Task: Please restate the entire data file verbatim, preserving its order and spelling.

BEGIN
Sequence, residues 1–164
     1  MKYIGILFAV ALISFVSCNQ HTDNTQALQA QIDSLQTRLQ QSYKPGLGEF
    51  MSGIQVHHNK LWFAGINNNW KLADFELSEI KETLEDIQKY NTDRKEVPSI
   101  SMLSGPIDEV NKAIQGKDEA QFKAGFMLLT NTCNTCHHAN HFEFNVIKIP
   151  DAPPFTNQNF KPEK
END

Sequence, residues 1–164
     1  MKYIGILFAV ALISFVSCNQ HTDNTQALQA QIDSLQTRLQ QSYKPGLGEF
    51  MSGIQVHHNK LWFAGINNNW KLADFELSEI KETLEDIQKY NTDRKEVPSI
   101  SMLSGPIDEV NKAIQGKDEA QFKAGFMLLT NTCNTCHHAN HFEFNVIKIP
   151  DAPPFTNQNF KPEK